Mickey and the Beanstalk

After a confusing live bridge, the second short, Mickey and the Beanstalk, begin. This wasn’t the first time Mickey was placed in the Jack and the Beanstalk story. A black-and-white short followed the same formula minus Goofy and Donald Duck, but had it been released as a planned feature, it would have been the first to have the Disney mascot featured throughout. Although appearing in many short films, Mickey Mouse has not had a starring role in a feature film. Naturally there were also elements cut from this short, it was going to have Honest John and Gideon from Pinocchio conning Mickey with the magic beans, but was later changed to a Queen Minnie Mouse giving them to him before that part was completely removed.

However, what is most historic about this segment is that it is the last appearance of Walt Disney himself as the voice of Mickey Mouse. So to imagine an entire film with such an element, there is definitely a loss. Neither bongo neither Mickey and the Beanstalkthen named The Legend of the Happy Valley, have been developed or sophisticated enough to become animated features. So as the studio recovered its losses of money and personnel from the strike and the war, and to save for bigger pictures, chief among which was Cinderella, the two were stitched together and both stories were scaled down significantly.

Fill in the blanks

As much as Free fun and fantasy excerpts from two stories that would have had their own feature films, they add a fair share to fill in the blanks. The first is Jiminy Cricket from Pinocchio. When you wish for a star is still the theme song of the Disney brand, and whoever sang it is a kind of secondary mascot, an epicenter of the values ​​that the brand conveys: optimism and good conscience. He is the host of Free fun and fantasy, opening the film with a song taken from his own film, I am a cheerful guy. It sets the light and evasive tone of the film and bridges the gap between these two completely independent stories.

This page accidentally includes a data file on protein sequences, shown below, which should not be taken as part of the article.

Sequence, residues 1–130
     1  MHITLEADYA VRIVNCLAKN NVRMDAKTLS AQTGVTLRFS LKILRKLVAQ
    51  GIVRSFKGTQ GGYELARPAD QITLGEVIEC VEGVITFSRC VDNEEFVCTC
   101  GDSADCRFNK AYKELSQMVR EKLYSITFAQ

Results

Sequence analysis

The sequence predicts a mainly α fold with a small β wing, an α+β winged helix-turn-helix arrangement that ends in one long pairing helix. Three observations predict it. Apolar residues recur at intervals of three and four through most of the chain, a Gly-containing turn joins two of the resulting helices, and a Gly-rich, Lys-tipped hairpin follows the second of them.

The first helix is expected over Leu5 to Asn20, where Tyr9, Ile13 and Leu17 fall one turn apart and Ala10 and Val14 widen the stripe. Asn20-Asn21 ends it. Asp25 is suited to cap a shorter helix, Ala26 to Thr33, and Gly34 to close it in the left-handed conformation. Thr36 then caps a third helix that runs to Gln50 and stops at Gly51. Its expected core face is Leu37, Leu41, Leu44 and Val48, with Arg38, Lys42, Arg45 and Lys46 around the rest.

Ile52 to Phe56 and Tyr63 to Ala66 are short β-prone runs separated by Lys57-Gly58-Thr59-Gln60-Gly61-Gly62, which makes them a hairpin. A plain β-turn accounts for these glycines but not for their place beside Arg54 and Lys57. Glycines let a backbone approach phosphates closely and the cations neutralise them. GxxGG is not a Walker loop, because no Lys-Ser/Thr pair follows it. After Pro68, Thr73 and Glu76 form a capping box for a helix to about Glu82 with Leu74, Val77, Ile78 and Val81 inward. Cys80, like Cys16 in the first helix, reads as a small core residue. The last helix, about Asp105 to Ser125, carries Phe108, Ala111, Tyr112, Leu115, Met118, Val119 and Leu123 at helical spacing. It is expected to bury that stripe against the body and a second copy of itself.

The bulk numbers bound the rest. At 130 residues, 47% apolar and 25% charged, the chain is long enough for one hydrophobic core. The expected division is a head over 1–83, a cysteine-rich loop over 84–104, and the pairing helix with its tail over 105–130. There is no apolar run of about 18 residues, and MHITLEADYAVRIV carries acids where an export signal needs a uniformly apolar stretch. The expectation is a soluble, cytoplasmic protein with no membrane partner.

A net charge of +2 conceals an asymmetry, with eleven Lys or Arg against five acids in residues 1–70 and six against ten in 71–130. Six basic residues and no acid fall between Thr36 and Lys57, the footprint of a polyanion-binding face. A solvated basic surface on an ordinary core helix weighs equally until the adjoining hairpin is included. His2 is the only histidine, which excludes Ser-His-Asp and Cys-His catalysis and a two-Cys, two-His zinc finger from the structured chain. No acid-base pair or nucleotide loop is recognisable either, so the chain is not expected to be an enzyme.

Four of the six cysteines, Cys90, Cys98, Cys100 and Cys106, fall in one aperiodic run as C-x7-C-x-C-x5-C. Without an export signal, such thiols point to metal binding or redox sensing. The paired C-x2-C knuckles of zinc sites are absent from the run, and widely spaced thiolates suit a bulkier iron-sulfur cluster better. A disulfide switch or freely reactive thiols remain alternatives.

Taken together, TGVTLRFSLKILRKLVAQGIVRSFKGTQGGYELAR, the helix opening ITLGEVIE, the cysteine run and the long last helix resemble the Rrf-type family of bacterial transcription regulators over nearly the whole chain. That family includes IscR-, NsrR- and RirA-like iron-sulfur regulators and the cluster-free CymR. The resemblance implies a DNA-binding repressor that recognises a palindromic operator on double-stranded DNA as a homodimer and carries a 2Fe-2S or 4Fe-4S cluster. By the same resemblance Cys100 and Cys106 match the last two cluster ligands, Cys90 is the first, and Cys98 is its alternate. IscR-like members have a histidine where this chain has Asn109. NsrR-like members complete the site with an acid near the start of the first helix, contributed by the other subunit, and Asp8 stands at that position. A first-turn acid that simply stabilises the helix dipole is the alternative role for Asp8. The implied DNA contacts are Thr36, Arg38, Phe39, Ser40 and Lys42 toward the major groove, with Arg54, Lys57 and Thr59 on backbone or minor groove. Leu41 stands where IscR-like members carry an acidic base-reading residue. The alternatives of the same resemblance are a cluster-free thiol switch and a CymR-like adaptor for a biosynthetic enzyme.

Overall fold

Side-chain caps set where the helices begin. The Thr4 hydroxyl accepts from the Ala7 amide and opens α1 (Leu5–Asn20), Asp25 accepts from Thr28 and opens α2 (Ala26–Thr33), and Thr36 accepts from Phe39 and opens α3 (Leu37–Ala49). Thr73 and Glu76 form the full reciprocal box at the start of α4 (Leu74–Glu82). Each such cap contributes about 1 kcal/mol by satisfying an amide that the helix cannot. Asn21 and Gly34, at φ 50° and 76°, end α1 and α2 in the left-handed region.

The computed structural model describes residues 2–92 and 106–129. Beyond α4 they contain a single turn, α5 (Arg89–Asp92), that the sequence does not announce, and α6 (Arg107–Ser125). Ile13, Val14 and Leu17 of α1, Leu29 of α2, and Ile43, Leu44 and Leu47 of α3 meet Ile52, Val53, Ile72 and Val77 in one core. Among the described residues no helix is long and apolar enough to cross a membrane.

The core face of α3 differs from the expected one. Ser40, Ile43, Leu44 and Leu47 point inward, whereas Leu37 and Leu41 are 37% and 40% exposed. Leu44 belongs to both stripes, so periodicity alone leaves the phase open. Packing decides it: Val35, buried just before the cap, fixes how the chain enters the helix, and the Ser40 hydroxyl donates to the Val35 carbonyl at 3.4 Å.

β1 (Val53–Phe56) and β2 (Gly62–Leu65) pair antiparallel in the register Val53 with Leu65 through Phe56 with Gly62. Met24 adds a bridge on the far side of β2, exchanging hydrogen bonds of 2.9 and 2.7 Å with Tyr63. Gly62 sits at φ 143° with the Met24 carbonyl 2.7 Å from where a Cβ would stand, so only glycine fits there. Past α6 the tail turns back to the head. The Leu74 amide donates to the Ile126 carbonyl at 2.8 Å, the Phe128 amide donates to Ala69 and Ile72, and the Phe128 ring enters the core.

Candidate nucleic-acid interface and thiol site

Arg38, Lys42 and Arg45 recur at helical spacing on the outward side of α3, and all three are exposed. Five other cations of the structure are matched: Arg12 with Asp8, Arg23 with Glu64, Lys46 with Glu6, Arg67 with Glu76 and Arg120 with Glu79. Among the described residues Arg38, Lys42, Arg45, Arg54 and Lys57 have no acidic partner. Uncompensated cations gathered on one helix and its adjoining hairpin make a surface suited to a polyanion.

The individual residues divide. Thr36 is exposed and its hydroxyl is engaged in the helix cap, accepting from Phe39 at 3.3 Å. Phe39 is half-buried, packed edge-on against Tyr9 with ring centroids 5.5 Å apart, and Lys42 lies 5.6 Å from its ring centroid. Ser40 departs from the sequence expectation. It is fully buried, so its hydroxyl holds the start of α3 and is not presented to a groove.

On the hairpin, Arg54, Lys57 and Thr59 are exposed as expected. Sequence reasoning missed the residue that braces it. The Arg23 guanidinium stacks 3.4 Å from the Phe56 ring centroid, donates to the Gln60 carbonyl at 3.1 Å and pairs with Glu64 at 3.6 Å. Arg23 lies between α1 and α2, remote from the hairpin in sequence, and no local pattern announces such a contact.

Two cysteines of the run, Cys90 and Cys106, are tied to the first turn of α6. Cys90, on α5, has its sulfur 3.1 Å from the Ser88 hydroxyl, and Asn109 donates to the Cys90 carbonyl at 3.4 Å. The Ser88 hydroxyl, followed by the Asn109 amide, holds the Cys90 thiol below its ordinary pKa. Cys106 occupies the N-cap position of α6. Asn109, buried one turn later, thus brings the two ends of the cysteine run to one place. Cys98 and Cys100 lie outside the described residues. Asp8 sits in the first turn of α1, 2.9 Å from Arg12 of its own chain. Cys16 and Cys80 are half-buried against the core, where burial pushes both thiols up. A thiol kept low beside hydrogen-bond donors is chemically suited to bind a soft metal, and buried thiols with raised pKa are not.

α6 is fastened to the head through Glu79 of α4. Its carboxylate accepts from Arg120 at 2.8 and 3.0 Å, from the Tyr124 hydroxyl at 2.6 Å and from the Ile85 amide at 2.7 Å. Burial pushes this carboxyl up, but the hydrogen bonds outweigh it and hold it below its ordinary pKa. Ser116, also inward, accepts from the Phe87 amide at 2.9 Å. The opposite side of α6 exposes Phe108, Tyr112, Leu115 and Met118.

What also ties the film together is the aforementioned “confusing live-action scene”. The scene is of a birthday party with a young guest being entertained by a ventriloquist and his puppets as he tells the story of Mickey and the Beanstalk. Ventriloquist and comic personality Edgar Bergen was already a Disney friend and collaborator, so he was easy to fit in, just like Luana Pattena child actress who starred in southern song, it was therefore already available. These are all examples of Disney using what they already had, from actors to characters, to cut songs, to save time and money that would be spent creating content from scratch.

The directions Disney could have gone

While all anthology films are weird scrapbooks of cheaply produced scraps of ideas, there are bits to remember about each of them. There are many things that can be extrapolated from the production of Free fun and fantasy beyond what we see on screen. We can see the directions Disney might have gone in and the pre-war ideas they had about their future. Movies, characters, and worlds would be interconnected, we’d see Gideon and Honest John interact with Mickey Mouse, and Dumbo would receive an expanded lore. We may never visit Happy Valley, but we see its ghost in the large-scale collaborations Disney would do in the future. We can only guess what Walt Disney’s intentions were with his fictional worlds before the war, the strike, and his death, and how far he could have expanded his empire on his own. The production of the films in the package, what could have been the two films that came together for Free fun and fantasy, gives us something very intriguing to think about.